age and are relatively perishable, therefore their handling, composition, packaging, labelling and surface finish are critical for reproducible performance. It has also been known for critical attributes of original seal parts to be varied by the moulding company without the knowledge of the valve manufacturer. Therefore it is important that the valve supplier can provide documented evidence and control of composition, traceability, storage and handling. Seals should also be supplied individually labelled and have an expiry date. Colour-coding via elastomer pigmentation can be a helpful fail-safe, but only if it does not impair performance of the elastomer compound. Nonoriginal supplies of non-proprietary seal shapes such as `o'-rings can cause serious problems unless they comply exactly with the valve manufacturer's specifications and all the above quality assurance provisions are implemented. Seals made of fluoroplastics have been introduced for use in general applications where much higher chemical and heat resistance is required. In some cases, these are also offered for hygienic applications. Bacteria-tight seals for liquids require that at least one part of the seal is elastic and can flow into the microscopic imperfections of the seal face and maintain this seal during expansion, contraction and vibration of the equipment. It is questionable whether a plastic sealface contacting a metal seat can do this, even when backed by an elastomer for resilience. A more recent adaptation has been to use a fluoroplasticon-elastomer seat, which is likely to be more successful. However, careful designers and users will satisfy themselves by challenge testing that any seals required to be bacteria-tight still give a bacteriatight seal after a simulated normal lifetime of use.


A major factor is the durability and reliability of hygienic performance for the application in question. This is covered to a large extent by the guidance in the above EHEDG guidelines. However, issues such as materials compatibility are often poorly considered, especially at design changes such as the introduction of new products/formulations or expansions of heat- and temperature -exposure limits. In this context, the availability of a good selection of seal elastomers can be very important in allowing such variation to be accommodated. A restricted range can mean that a branded valve range is unable to perform to its full potential with certain products and/or conditions. Elastomers do 12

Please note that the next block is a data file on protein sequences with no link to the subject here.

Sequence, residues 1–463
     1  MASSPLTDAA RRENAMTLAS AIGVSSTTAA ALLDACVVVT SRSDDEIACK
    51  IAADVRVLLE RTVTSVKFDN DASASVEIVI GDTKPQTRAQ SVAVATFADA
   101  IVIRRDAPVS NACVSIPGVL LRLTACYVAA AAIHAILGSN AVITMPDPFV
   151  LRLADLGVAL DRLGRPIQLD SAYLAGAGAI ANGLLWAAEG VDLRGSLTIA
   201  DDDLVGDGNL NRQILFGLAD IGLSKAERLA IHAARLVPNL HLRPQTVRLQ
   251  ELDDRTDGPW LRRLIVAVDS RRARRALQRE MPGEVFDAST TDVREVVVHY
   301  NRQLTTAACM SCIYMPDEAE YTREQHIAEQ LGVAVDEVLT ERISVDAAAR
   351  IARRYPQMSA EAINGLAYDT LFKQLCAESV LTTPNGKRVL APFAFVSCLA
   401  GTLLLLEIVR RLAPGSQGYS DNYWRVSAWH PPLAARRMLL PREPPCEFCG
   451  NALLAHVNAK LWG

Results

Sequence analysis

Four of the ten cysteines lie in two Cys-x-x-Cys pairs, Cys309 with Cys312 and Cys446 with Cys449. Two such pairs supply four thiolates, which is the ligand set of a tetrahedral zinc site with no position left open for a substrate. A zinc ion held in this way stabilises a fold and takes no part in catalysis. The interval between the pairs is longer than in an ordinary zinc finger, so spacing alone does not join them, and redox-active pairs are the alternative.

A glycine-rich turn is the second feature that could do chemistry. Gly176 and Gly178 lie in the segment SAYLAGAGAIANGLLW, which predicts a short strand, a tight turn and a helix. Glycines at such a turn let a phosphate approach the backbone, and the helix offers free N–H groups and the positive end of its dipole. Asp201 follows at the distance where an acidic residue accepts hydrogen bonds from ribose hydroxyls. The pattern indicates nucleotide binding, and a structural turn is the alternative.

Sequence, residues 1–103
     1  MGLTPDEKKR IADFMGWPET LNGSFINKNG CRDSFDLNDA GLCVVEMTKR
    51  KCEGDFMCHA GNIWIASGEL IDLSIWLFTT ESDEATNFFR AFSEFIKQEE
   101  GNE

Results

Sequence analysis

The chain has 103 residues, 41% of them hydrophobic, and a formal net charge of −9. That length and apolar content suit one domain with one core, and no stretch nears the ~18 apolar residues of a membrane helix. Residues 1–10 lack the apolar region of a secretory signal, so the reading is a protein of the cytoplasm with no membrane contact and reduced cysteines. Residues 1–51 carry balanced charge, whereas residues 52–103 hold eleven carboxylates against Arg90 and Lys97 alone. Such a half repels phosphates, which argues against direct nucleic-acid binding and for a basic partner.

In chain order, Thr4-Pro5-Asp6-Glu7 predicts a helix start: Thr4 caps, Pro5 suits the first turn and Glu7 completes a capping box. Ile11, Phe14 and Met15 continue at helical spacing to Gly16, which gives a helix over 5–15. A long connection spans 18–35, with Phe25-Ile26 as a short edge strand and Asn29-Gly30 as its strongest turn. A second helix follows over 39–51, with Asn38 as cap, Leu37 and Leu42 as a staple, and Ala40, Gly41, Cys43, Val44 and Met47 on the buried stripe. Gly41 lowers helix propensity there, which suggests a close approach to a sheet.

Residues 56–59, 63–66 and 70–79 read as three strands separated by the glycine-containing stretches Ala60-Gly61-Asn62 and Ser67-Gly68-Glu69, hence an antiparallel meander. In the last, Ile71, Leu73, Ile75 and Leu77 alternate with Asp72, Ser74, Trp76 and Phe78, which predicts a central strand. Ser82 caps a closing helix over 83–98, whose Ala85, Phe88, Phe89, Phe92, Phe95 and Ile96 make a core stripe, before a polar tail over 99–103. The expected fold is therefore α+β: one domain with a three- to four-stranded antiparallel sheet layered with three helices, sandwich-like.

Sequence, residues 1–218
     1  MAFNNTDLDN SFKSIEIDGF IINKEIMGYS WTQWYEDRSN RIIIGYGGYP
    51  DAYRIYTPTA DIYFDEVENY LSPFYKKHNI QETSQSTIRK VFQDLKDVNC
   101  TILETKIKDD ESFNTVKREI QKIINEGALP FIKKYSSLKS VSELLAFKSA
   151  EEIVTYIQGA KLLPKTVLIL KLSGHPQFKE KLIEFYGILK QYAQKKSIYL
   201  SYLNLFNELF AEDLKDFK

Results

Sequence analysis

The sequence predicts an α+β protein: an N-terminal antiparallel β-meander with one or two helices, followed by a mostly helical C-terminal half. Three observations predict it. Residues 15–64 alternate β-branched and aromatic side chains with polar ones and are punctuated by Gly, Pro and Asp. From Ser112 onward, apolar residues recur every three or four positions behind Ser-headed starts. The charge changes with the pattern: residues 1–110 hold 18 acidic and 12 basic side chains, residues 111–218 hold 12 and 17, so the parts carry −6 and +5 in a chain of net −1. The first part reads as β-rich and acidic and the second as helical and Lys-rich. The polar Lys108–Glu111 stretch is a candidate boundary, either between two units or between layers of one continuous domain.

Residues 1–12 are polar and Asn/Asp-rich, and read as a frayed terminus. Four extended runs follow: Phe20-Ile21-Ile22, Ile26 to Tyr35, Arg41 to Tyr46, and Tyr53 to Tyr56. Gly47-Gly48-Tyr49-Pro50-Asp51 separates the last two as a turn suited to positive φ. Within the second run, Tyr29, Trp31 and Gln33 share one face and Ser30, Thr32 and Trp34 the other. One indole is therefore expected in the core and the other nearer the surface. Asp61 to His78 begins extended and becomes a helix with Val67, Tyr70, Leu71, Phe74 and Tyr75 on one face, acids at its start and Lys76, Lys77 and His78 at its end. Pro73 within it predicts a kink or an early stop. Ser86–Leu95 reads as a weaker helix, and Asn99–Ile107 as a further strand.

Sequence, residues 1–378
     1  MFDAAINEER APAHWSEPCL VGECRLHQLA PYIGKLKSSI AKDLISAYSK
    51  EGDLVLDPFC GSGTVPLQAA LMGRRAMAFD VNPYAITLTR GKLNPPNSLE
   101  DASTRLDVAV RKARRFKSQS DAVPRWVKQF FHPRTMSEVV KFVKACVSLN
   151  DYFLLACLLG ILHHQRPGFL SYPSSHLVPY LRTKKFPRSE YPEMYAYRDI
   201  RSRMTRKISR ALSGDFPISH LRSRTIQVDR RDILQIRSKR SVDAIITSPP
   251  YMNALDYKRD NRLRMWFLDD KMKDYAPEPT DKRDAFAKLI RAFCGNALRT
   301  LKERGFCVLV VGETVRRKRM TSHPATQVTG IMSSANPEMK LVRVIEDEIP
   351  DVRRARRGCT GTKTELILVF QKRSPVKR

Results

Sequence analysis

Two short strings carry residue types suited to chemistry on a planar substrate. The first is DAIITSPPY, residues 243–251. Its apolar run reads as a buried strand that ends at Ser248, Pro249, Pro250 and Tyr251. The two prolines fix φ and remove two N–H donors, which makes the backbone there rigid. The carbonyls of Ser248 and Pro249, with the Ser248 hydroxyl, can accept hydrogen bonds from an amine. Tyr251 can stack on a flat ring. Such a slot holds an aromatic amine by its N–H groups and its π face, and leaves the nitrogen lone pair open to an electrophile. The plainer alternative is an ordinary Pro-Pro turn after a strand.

Ease, speed and reliability of maintenance are important issues for users. It is important in an installation with many valves that each valve can be overhauled reliably and quickly to avoid expensive downtime. Useful enhancements here are the provision of single-armature multi-seat valve modules (you can replace several seat seals at once), single-fastener body clamps and fail-safe aids such as fixed compression-stops on all seals. For a realistic appraisal of such features it is wise to involve the maintenance technicians and even for them to conduct replacement tests to estimate the replacement time per seal and the frequency of correct body and seal compression.

Life cycle costs

As with all equipment purchases, the buying

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strategy can vary between an emphasis on low initial cost to one on low life-cycle costs. Life-cycle costs can be strongly dependent on maintenance frequency, because a major component of valve change-out costs stems from the loss of production time and output. It is important therefore to take this into account when considering maintenance costs. Comparison of replacement costs will also show that for the larger pipe-size, a comparable membrane for a weir-type valve is considerably more expensive than the seal kit for a circular seal valve. In my experience, the seals of circular seal valves also last far longer under the same conditions than those in weir-type valves. This can probably be attributed to the minimisation of the tension forces on the elastomeric seals, assisted by the use of non-adjustable metal compression stops. (In the past, the single-diaphragm circular seal valve was modified so that the body seal was separate from the seat seal. This eliminated the cycle of simultaneous stretching and compression of the elastomer, and was found to increase the seal lifetime. Such a modification is not at present available for the weir-type, to my knowledge). It is therefore important to ensure that the cost/benefit assessment is based on a comprehensive identification of all costs rather than just the cost of the valve and its service parts.